What you need to know:
- South Africa’s President Cyril Ramaphosa said Kenya has been a leading voice on issues of climate change in Africa.
- President Kenyatta was picked late last month at the 35th Ordinary Session of the Assembly of the African Union in Addis Ababa, Ethiopia.
Kenya is expected to play a major role in climate change conversations in Africa and beyond following the election of President Uhuru Kenyatta as chairperson of the African Union’s (AU) Committee of African Heads of State and Government on Climate Change (CAHOSCC).
Nairobi-based Pan African Climate Justice Alliance (PACJA) said the appointment was a key milestone for Kenya given that Africa will host the 27th Conference of Parties to the UN Framework Convention on Climate Change, COP27, at the Egyptian resort city of Sharma el-Sheikh later this year.
In a statement, PACJA Executive Director Mithika Mwenda said the election of Mr Kenyatta shows how serious the issue of climate change is to African leaders.
“As an alliance of civil society groups, we are glad that the Heads of State and Government have heeded our call to have the 35th African Union Summit turned into a planning committee for the 27th Conference of Parties to the UN Framework Convention on Climate Change. The outcome of the summit indicates our call was well heeded,” said Dr Mwenda.
Dr Mwenda’s remarks were echoed by outgoing CAHOSCC chair and South Africa’s President Cyril Ramaphosa, who said Kenya has been a leading voice on issues of climate change in Africa. Mr Ramaphosa said Africa must speak with one voice and adopt a common position ahead of COP27.
CAHOSCC advances the continent’s interests on the climate crisis, in line with the AU’s Climate Change and Resilience Development Strategy and Action Plan. Mr Kenyatta was picked late last month at the 35th Ordinary Session of the Assembly of the African Union in Addis Ababa, Ethiopia.
Africa’s priority areas
The session discussed preparations for COP27 after a review of the outcomes of COP26, which took place last year in Glasgow, Scotland.
President Kenyatta stressed on the need to drum up support for Africa’s priority areas, including climate finance, loss and damage, global goal on adaptation, keeping 1.5 degrees celsius alive and recognition of Africa’s special needs and circumstances.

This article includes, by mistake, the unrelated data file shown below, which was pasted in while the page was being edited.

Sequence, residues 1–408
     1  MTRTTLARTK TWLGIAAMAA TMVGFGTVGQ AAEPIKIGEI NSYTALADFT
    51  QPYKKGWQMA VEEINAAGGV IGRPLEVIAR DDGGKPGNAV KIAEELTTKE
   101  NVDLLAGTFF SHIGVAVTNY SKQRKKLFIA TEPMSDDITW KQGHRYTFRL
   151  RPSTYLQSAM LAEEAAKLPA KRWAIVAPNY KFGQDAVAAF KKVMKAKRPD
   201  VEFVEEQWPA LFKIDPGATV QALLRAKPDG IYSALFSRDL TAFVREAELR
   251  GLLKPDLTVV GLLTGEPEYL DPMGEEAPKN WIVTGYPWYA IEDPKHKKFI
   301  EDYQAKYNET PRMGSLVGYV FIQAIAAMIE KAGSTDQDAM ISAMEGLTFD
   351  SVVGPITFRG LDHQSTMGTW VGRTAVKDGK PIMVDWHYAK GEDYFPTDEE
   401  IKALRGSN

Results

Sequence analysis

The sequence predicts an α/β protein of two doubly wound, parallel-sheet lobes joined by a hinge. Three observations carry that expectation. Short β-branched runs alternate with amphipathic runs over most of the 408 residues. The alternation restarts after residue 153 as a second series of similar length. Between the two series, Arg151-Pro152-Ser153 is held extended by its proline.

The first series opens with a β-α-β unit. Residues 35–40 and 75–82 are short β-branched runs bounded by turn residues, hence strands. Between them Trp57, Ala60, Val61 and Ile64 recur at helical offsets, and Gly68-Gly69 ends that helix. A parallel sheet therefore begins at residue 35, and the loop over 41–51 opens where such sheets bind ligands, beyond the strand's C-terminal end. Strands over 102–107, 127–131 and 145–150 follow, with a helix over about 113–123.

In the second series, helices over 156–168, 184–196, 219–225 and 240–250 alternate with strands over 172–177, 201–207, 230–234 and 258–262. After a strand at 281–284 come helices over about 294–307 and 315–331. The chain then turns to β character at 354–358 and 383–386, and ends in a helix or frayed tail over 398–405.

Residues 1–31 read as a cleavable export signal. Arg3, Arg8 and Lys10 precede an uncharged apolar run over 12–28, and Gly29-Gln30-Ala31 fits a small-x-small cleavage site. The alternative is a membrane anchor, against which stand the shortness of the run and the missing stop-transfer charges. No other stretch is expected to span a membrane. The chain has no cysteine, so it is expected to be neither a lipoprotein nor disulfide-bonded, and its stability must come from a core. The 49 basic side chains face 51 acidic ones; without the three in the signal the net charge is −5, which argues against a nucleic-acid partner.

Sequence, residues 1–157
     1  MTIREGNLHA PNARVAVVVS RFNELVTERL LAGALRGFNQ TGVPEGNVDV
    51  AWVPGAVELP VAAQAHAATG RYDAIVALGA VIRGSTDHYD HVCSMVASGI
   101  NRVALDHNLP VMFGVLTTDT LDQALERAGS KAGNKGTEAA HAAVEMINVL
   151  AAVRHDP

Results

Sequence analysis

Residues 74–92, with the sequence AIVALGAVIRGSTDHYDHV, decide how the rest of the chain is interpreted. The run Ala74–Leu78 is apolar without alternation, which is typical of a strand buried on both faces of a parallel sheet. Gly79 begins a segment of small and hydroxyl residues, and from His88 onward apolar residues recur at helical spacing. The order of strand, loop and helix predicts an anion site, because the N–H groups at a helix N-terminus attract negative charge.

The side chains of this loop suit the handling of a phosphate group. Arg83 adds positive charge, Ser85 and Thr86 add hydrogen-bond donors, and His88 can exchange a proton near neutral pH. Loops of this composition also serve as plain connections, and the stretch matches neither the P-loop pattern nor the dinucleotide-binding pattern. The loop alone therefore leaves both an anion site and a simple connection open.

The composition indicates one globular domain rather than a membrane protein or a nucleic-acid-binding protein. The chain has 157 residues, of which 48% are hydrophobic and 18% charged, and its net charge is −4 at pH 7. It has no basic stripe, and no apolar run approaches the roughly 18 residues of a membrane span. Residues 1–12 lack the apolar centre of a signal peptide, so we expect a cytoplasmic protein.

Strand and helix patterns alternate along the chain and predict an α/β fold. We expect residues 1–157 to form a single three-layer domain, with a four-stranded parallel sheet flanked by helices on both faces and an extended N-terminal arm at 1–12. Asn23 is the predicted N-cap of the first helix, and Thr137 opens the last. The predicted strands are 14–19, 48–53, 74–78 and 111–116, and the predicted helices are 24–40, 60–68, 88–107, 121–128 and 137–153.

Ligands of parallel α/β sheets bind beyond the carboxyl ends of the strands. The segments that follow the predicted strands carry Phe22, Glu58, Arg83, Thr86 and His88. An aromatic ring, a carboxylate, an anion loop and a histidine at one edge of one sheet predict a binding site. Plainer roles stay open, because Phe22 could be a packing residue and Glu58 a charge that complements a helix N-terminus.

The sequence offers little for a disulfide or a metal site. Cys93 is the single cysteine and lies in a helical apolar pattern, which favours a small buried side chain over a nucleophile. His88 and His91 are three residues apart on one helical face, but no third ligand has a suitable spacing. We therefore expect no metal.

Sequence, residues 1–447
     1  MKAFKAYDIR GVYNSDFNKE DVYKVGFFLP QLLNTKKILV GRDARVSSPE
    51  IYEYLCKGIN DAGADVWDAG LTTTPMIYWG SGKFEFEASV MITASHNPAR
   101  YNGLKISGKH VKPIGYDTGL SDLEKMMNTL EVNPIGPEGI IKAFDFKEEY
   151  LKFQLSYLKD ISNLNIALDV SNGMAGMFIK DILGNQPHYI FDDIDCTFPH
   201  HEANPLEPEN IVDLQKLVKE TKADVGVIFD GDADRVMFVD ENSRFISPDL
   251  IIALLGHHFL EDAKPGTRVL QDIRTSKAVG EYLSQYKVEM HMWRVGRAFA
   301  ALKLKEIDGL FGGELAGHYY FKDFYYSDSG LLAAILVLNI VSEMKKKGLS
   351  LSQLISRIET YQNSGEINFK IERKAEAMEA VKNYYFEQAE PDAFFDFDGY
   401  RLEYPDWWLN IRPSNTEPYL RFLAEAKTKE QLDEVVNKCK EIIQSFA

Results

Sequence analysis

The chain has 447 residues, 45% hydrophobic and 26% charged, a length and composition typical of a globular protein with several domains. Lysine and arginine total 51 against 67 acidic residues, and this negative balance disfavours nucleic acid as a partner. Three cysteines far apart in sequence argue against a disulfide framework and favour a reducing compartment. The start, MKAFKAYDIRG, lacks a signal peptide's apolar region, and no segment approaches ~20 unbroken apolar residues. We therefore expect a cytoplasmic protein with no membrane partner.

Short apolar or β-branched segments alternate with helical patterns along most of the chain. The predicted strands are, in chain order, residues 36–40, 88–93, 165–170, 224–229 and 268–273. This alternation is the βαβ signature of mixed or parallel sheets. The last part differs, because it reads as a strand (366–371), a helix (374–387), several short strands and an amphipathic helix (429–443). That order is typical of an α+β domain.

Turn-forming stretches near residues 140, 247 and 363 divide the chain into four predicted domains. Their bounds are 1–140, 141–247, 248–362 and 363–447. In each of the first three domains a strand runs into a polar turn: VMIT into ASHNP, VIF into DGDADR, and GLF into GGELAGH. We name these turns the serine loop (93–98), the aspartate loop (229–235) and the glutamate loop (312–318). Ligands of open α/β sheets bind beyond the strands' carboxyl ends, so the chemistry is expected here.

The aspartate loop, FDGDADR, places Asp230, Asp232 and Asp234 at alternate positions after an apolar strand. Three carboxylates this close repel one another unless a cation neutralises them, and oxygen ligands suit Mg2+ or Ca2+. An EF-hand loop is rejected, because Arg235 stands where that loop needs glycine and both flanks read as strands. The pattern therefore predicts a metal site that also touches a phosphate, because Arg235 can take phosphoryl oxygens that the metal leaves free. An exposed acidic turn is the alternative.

The President reiterated Kenya’s efforts to shift to 100 per cent renewable energy by 2030 and commitment to achieve 100 per cent access to clean cooking by 2028. He further highlighted the importance of reversing degradation of ecosystems and protecting carbon sinks and urged nations to analyse the economic policy implications for COP26 and the Paris Agreement to guide the required policy transformation. The President also called for a climate summit in Egypt ahead of COP27 to ensure Africa speaks with one voice.
Last month, Environment and Forestry Cabinet Secretary Keriako Tobiko called for urgent action, saying “drought is ravaging our people and livestock, while wildlife is being devastated by climate-induced disaster. The tragedy is confirmed by science – climate change is an emergency, and Africa is least responsible.”
The CS spoke in Mombasa during the launch of African Activists for Climate Justice (AACJ) project – a consortium of five Civil Society Organisations, including PACJA, Oxfam Novib, Natural Justice, African Youth Commission and the African Women’s Development and Communication Network (FEMNET).
The inclusive pan-African project, which is supported by the government of Netherlands, advocates climate justice in Africa, especially for women and marginalised communities.
“Our goal is to amplify and unite the voices in Africa demanding that the most vulnerable groups– women, youth and local indigenous communities in the target countries be given the capacity to defend and realise their human rights and live a decent and dignified life in a healthy and sustainable environment, within the context of the climate emergency.”